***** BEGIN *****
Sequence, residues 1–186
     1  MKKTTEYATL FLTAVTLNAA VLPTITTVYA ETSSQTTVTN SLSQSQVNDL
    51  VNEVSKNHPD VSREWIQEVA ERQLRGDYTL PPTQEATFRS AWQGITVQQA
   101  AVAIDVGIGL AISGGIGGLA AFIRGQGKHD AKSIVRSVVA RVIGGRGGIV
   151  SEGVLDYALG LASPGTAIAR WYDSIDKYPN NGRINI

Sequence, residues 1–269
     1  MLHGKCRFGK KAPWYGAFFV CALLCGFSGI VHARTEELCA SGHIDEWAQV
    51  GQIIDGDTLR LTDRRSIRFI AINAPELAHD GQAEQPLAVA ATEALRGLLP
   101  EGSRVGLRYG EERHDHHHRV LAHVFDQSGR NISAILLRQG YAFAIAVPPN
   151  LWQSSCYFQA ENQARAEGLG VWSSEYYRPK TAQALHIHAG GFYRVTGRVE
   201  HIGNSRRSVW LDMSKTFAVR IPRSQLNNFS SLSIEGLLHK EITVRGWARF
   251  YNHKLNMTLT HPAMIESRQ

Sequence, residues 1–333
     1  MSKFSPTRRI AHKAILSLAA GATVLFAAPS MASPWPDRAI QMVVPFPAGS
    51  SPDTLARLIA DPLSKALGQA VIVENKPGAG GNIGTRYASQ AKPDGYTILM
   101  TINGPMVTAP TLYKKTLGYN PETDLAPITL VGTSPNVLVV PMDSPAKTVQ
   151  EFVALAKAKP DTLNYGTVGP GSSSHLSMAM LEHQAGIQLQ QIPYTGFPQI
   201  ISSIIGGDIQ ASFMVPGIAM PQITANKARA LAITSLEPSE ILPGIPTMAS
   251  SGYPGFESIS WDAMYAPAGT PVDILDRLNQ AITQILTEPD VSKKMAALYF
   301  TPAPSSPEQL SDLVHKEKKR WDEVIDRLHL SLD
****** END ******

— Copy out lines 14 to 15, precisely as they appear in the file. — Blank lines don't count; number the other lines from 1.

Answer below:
     1  MSKFSPTRRI AHKAILSLAA GATVLFAAPS MASPWPDRAI QMVVPFPAGS
    51  SPDTLARLIA DPLSKALGQA VIVENKPGAG GNIGTRYASQ AKPDGYTILM